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AT&T Launches C Band 5G in Eight Cities

Jan 19, 2022, 9:55 AM   by Rich Brome

AT&T and Verizon have finally launched 5G service in the C Band, after a chaotic last-minute battle with the FAA and airlines over potential interference with airplane radio altimeters. AT&T's launch footprint today appears more limited than Verizon's. AT&T is launching the service — which it brands "5G+" — in "limited parts of" Dallas/Fort Worth, Houston, Austin, Chicago, Detroit, Jacksonville, Orlando, and Miami. Verizon's launch today covers 90 million people. Verizon originally promised 100 million people covered at launch, but had to scale back coverage near airports to appease airlines scrambling to comply with last-minute restrictions imposed by the FAA. AT&T offers at least 17 phones that are compatible with C Band 5G, including most recent phones from Apple, Samsung, and Google. 5G in the C Band should offer a better balance of good coverage and fast data speeds compared to existing 5G service. We recently published a complete guide to C Band 5G.

AT&T, Verizon Agree to Hold Back C Band 5G Near Airports

Jan 18, 2022, 2:29 PM   by Rich Brome

AT&T and Verizon are moving forward with this week's launch of 5G service in the new C Band, but have voluntarily agreed to new restrictions around airports at the request of major US airlines. The airlines have asked for 5G in the C Band to be banned within two miles of airport runways, a limitation that will severely reduce availability of the service in some cities. Verizon's initial launch will now cover 90 million people, down from the 100 million originally promised. The FCC and wireless industry insist that 5G in the C Band poses no danger to airplanes. 5G in this band is already operating in over 40 countries with no reported issues. But the FAA remains unconvinced that the service cannot interfere with some airplanes' radio altimeters, which use a nearby radio frequency to measure distance to the ground. The FAA came to an agreement with AT&T and Verizon on airport restrictions earlier this month, but also instituted new rules for airlines that apply to certain airports near C Band 5G networks and certain weather conditions. The FAA has so far tested and approved two radio altimeter models, exempting 45% of the US commercial fleet from the rules. But airlines say the rules would still have resulted in over 1,000 additional cancelled flights on days with poor weather. The new 2-mile restriction should allow the FAA to relax those rules until more testing and new rules can be put in place that will allow C Band 5G near airports.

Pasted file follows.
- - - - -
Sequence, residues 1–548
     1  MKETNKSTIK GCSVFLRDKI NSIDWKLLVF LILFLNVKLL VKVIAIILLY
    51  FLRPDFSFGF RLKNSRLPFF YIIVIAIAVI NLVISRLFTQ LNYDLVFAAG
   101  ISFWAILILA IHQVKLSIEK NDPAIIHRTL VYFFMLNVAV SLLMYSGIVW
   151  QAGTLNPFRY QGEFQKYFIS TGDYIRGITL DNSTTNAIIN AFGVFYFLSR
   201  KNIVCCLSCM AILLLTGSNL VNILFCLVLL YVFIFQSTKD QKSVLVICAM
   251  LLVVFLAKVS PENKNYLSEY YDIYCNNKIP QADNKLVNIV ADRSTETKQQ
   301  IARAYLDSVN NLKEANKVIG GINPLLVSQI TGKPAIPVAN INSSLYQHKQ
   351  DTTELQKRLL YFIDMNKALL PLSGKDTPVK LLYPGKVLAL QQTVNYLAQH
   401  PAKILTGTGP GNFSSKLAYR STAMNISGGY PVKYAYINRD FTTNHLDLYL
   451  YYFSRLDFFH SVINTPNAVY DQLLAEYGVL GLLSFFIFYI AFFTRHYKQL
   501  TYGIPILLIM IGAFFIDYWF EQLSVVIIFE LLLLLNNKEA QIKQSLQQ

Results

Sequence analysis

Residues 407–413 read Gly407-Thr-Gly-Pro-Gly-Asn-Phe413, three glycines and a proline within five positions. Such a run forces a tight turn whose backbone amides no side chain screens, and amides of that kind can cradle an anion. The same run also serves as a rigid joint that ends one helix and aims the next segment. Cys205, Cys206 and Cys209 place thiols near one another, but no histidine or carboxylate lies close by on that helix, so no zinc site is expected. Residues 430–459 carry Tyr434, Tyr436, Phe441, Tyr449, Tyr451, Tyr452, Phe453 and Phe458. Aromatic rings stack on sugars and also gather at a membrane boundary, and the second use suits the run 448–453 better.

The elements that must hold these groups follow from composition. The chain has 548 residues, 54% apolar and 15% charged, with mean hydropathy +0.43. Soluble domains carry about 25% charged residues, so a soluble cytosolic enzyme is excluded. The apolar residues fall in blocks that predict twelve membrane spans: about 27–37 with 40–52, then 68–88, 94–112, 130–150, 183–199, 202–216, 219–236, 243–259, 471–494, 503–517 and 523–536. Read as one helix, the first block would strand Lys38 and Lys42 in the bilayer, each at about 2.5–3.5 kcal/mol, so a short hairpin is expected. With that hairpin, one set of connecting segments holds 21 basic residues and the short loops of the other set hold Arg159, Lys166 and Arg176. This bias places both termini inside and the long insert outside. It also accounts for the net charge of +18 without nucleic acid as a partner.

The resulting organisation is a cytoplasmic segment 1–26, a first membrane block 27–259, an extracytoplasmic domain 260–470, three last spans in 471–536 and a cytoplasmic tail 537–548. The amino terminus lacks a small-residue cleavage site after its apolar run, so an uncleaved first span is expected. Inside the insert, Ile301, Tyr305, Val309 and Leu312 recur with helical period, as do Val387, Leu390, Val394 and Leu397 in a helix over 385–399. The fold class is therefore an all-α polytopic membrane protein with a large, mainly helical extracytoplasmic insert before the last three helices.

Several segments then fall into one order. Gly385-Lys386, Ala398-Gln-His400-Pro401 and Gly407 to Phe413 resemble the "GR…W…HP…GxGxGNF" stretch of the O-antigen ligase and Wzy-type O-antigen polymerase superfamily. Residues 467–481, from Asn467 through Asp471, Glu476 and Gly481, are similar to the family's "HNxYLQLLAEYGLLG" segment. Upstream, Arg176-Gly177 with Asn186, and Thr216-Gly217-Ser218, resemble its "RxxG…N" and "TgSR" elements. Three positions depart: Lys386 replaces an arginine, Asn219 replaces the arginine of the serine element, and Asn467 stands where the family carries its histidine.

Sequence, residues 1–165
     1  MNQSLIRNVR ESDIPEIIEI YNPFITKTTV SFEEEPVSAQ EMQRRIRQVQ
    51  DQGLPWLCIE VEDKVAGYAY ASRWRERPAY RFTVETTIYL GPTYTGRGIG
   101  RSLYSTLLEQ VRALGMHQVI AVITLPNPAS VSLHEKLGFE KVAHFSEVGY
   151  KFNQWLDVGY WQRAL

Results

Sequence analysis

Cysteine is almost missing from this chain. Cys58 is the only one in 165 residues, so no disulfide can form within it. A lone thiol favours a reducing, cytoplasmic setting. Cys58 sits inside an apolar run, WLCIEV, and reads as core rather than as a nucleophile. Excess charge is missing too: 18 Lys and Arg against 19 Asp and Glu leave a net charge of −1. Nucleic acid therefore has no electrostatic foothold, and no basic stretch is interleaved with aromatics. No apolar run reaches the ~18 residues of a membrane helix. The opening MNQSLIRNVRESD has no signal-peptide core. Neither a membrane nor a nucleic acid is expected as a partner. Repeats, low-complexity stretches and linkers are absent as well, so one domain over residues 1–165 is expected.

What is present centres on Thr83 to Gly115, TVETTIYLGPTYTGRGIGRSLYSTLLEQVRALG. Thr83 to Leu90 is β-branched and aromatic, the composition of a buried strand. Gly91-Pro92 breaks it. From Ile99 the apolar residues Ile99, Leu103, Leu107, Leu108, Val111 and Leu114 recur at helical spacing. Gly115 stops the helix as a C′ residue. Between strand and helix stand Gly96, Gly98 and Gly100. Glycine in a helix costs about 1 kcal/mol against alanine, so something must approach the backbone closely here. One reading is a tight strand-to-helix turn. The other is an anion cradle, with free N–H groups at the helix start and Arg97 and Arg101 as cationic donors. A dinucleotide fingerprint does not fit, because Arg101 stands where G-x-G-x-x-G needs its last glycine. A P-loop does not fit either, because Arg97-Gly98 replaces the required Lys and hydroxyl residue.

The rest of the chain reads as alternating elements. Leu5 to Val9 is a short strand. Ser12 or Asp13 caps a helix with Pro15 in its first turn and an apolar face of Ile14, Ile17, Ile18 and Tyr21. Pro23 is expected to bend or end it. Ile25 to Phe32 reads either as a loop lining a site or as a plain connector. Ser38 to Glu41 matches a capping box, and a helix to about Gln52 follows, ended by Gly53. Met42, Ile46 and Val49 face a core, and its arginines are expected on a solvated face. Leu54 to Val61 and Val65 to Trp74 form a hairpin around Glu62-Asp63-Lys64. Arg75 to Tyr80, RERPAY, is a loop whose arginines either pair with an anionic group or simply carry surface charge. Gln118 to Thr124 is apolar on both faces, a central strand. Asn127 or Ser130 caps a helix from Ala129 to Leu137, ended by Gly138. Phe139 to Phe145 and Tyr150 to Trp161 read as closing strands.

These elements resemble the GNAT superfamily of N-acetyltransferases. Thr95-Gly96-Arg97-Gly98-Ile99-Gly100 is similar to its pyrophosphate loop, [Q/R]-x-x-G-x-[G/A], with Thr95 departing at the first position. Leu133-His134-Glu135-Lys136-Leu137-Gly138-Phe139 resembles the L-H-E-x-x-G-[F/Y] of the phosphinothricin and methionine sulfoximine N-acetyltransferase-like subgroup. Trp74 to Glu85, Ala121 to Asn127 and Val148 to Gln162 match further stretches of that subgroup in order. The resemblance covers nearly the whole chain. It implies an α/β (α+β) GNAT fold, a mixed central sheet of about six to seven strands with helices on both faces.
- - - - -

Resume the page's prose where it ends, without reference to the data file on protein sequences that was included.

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What is C Band 5G?

Jan 14, 2022, 3:06 PM   by Rich Brome   updated Thursday, 3:28 PM

There's a whole new kind of 5G being launched and talked about in the US in 2022: C Band. It's much faster than existing "nationwide" 5G, yet has better coverage than hard-to-find mmWave 5G. For AT&T and Verizon, it represents a huge leap forward in the 5G race. For their customers, it will mean the first time many of them will experience a significant difference between 4G and 5G. So what is C Band? Is it just hype or something to actually get excited about? Is "C Band" the best term for this? Where did this band come from? Does it pose a danger to planes? And where does T-Mobile fit into all this? We answer all those questions and more in this in-depth guide to everything C-Band.

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AT&T, Dish Big Winners in FCC's Latest Mid-Band Auction

Jan 14, 2022, 2:31 PM   by Rich Brome   updated Jan 14, 2022, 2:56 PM

The US FCC (Federal Communications Commission) just announced the winners of its auction 110, for prime new mid-band radio spectrum ideal for 5G. AT&T and Dish spent the most, each splurging for enough licenses to cover the entire continental US. AT&T spent $9 billion, while Dish spent $7.3 billion. AT&T purchased the maximum number of licenses allowed in each area (four), giving it 40 MHz of new bandwidth nationwide. Dish appears to have purchased closer to 3 licenses per area on average, for potentially around 30 MHz of bandwidth nationwide. T-Mobile laid out $1.4 billion for licenses covering 79 of the 406 geographic areas offered. US Cellular spent $580 million. Verizon did not appear to win any licenses, although they were already big winners in the two previous mid-band auctions, and therefore did not need this particular spectrum as much as AT&T did. T-Mobile already operates more mid-band 5G than anyone else, and also participated in the C Band auction. Auction 110 is for the 3.45 GHz band (spanning 3.45 – 3.55 GHz), which is very near the new C Band spectrum that AT&T and Verizon are expected to launch next week for new 5G service. However it is a lower frequency than C Band, and therefore should not run into the same issues with the FAA that recently delayed the launch of 5G in the C Band. This new 3.45 GHz band, C Band, and Verizon's CBRS band (the 3.5 GHz band AKA band 48) are all covered by band 77, which is already supported in most new 5G phones launched by AT&T and Verizon since the beginning of 2021.